Maps with mass transit support similarly. The ability to navigate by wrist taps is very convenient (and safer in sketchy areas, with no technology visibly in use), and this makes it significantly more useful for those who live in big cities and thus avoid driving whenever possible. Support for Activation Lock will also help reduce theft fears – another feature that should definitely have been there from the start.

Adding store cards and merchant rewards to Apple Pay makes the Watch more useful as a method of payment. Not something I’ve been able to try yet in the UK, but looking forward to doing so next month.

Proper support for third-party workout apps could be a medium deal for fitness fans. Everyone tends to have their own favorite app, so the ability of the watch to log data from all apps will definitely make it more appealing.

Finally, in the medium-deal category, I’d place haptic feedback from third-party apps. It’s one of those small-sounding things that I think could make a big difference to those who care primarily about a small number of apps, like third-party IM apps. A haptic tap is more discreet than a sound, and can also be felt in noisy environments, where an audible alert might be missed.

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Big deals

Two enhancements that are, to me, big deals – one addressing passive use of the watch, viewing information, the other interacting with it.

Passive viewing first. To me, any smartwatch is mostly about at-a-glance information. That’s the real selling-point: instead of having to pull your phone out of your pocket to see what an alert was, or check your next appointment, you can simply glance at your wrist.

So I think something that sounds small – support for third-party complications on watch faces – is actually huge. I mentioned in my diary series that I stick exclusively to the Modular face precisely because it maximizes the amount of data I can see at a glance. So far, I’ve been limited to the fields Apple allows me to view, but being able to import data from third-party apps will substantially increase the utility of the watch to me.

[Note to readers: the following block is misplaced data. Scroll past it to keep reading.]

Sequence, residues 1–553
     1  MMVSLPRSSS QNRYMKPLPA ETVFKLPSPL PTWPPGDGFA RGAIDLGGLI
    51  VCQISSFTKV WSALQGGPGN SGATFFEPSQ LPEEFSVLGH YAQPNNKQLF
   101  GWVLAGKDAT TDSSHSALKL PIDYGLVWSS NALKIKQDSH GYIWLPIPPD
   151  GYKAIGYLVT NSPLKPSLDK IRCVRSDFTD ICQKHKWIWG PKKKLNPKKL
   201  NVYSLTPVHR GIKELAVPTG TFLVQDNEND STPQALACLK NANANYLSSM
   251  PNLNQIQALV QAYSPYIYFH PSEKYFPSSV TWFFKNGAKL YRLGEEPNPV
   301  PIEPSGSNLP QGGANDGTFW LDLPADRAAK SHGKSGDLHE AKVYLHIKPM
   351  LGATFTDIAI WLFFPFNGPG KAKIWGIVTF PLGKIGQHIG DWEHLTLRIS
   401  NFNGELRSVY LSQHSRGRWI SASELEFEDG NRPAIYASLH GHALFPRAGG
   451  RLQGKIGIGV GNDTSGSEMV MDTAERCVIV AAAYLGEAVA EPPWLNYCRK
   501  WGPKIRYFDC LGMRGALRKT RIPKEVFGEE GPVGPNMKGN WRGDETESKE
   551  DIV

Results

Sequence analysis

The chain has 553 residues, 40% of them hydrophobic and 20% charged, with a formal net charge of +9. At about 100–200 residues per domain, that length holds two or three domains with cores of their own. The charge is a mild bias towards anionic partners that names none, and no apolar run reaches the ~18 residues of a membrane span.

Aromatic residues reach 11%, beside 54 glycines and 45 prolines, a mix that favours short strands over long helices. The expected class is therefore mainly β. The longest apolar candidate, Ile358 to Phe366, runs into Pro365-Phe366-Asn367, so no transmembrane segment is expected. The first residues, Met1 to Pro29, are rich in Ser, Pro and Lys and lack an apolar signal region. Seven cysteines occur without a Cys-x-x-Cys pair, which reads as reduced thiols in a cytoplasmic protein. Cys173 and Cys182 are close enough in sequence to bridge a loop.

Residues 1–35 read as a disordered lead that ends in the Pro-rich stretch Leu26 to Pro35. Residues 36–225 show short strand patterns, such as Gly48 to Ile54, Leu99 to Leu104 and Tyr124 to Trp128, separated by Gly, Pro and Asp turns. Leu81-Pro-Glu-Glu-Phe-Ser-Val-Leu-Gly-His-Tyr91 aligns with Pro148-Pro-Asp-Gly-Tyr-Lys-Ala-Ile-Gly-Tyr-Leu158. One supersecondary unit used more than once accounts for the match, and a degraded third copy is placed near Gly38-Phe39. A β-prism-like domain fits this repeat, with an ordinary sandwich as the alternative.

On the interaction side, I think teaching Siri new tricks will make a very big difference. I’m a huge Siri fan, using it as my preferred input method for most things I do on my phone, so perhaps I’m biased – but to me, asking Siri to display a Glance is a lot quicker and easier than swiping up then sideways until I reach the one I want.

But even those who are only moderate Siri fans are, I think, going to be won over by Siri’s new-found ability to control HomeKit devices. You walk into your home, raise your wrist and tell Siri to switch on the living-room lights and turn up the AC. That, to me, is the closest thing yet to a killer app for the Watch.

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Is it all enough?

Personally, I think the big deals plus the medium ones are sufficient to at least give the first-generation avoiders pause for thought.

But I do recognize that while software enhancements are one thing, hardware improvements another. And nobody outside Apple knows yet what the new hardware may offer. The smart money has to be on an extra sensor or two. Maybe better battery-life (though honestly, the only times I’ve run out of power before the end of the day were when I was getting up at 5.45am and going to bed at midnight – not something I intend to make a habit).

Will there be visible differences? A slimmer model is always a possibility. Despite my first impressions, compare the Apple Watch to most conventional watches, and it’s not thick. It’s about the same as many, thinner than some. But if the iPhone and iPad has taught us anything, it’s that mass-market consumers want slim devices – and Apple works hard to cater to their tastes.

Buying a 1st-gen product is a gamble. But then so is buying at any other time: there’s always going to be a better model next time around. For me, I think buying the Sport model with Sport band is a reasonable compromise. You get the benefits of the watch today – with the enhancements added by watchOS 2 – but will have something easily resellable and won’t have so much invested in it that you’ll cry when Apple announces the next one.